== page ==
WHEN you’re young it seems like Christmas just happens by magic. On Christmas morning the presents are all under the tree, the stockings are all hung, the house is festooned with decorations and there’s a tempting aroma of the delicious feast to come filling the home.
Of course, the preparation for all this is far from magic. As any family will tell you, there’s a lot of hard work that goes into making the most special day of the year just that.
Fortunately, for those culinary creatives stuck for ideas, help is at hand, in the shape of the two-day Foodies Christmas Festival which will help you sort everything from delicious home-made mince pies to a main course that will have the family clamouring for left-overs come Boxing Day.
“It’s definitely the cooking tips people come for,” admits director Sue Hitchen. “It is really aimed at promoting local produce and great Scottish food and drink, and we have found in previous years that people were very keen to follow the demonstrations and then they would go off and buy the ingredients, so that’s clearly what a lot of people are looking for.”
The event at the EICC is expecting 8000 people through the doors next weekend, and there will be something for everyone – even those from slightly warmer climes.
“We have GMTV food critic Charles Metcalfe this year, who has promised to bring along some good Australian wines and show off a few tips on how they do Christmas in Australia,” says Sue.
Other top chefs taking part include Jacqueline O’Donnell of The Sisters, Mark Greenaway, pictured above, of Restaurant Mark Greenaway, Paul Tamburrini of The Honours, Jeff Bland of The Balmoral and Graeme Pallister of 63 Tay Street.
To whet people’s appetites ahead of the big event the organisers have encouraged local foodies to whip up a few culinary events over the coming week.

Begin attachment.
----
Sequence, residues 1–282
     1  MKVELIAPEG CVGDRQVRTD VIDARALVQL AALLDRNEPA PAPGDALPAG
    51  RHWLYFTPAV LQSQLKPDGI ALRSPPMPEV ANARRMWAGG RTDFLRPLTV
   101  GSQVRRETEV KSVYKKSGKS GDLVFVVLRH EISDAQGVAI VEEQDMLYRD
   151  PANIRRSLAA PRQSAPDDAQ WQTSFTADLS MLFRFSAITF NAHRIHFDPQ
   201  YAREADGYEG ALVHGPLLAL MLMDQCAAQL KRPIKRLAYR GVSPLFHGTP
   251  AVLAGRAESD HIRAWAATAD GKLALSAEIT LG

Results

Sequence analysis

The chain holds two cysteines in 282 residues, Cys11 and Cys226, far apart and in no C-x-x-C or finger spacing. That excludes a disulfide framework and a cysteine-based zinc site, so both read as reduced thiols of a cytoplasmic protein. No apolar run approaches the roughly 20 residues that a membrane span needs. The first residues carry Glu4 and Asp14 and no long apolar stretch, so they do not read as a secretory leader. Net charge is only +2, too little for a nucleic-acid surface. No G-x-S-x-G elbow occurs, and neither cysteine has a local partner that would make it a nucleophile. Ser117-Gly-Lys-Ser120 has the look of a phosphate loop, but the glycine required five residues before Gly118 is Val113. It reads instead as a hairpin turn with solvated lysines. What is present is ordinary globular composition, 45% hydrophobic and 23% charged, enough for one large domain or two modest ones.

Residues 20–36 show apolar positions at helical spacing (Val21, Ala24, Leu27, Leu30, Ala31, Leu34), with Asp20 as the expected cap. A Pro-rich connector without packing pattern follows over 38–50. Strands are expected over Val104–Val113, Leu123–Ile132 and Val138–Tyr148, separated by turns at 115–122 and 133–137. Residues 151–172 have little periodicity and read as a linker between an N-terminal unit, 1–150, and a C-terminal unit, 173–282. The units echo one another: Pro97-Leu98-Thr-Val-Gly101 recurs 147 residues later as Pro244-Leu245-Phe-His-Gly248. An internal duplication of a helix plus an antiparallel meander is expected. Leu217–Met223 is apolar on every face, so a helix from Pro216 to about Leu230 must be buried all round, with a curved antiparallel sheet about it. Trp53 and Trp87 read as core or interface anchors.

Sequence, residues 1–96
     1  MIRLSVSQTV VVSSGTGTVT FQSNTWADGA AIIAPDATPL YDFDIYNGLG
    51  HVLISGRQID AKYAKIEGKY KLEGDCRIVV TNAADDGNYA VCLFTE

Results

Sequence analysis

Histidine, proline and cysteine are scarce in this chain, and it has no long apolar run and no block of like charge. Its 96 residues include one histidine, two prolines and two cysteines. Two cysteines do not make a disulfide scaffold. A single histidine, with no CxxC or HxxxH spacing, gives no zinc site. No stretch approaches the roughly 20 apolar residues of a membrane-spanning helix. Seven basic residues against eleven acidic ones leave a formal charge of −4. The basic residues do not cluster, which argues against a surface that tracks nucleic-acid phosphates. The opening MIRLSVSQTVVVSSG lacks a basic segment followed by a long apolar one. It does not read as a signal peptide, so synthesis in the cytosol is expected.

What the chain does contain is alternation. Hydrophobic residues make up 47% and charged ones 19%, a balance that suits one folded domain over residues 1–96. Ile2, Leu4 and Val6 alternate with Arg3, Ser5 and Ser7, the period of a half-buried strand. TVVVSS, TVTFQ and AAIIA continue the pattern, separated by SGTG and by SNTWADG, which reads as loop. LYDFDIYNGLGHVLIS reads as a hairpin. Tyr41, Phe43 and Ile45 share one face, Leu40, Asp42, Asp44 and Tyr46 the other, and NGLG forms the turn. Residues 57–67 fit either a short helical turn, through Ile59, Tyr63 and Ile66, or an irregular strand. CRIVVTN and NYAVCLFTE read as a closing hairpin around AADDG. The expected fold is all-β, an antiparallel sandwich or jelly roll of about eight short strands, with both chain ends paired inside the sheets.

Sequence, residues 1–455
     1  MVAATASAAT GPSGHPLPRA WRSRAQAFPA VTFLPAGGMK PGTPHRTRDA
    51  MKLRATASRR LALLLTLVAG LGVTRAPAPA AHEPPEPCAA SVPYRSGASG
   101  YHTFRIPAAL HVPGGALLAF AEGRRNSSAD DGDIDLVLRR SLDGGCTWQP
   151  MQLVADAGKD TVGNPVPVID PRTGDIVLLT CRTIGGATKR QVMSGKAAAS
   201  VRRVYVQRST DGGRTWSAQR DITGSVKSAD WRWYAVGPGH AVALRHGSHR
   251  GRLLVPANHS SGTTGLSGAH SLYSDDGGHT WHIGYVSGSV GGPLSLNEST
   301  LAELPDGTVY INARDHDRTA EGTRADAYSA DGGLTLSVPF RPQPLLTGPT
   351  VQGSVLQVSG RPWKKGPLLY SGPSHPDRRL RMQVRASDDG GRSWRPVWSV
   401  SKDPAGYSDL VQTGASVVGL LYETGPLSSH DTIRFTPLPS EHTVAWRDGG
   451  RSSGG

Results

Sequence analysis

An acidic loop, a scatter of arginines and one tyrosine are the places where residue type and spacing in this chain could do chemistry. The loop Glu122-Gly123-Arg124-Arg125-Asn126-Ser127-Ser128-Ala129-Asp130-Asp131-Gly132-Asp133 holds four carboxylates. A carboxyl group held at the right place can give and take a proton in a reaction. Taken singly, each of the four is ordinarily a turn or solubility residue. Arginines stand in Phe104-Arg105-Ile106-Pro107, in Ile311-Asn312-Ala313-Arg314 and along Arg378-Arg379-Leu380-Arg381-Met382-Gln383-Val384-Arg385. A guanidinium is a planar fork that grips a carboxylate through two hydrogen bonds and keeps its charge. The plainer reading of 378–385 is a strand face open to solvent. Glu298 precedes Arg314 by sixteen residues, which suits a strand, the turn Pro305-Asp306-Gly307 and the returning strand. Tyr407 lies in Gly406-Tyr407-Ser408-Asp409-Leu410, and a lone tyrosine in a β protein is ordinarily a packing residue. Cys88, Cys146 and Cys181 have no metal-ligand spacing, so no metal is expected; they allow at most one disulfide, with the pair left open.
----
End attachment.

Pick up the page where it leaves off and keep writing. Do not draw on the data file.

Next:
Included among them is what, for many, will be an invaluable demonstration of a skill often taken for granted – the carving of a Christmas roast.
Run by Edinburgh New Town Cookery school, the master class is being led by principal Fiona Burrell, who admits the art of carving is a particular skill. “It’s the sort of skill that people just assume men have, but in reality it’s not something people do as much anymore so there’s no reason why they should know,” she says. “It depends on what you are carving, but one of the most basic errors that people make is not having the knife they are using sharpened before they carve.”
And when it comes to turkey Fiona has a few more neat tricks up her sleeve.
“With a turkey you need to take the knife down to the neck of the bird and then carve outwards at an angle. You should go for thin slices as well – it makes the meat go a lot further, which is perhaps not what everyone wants with turkey, but it also makes carving it a lot easier.”
• Foodies Christmas is being held at the EICC, December 1 and 2, full details at www.foodiesfestival.com. The Pre-Christmas Carving Demonstration and Dinner is being held on Wednesday, November 28, full details at: www.entcs.co.uk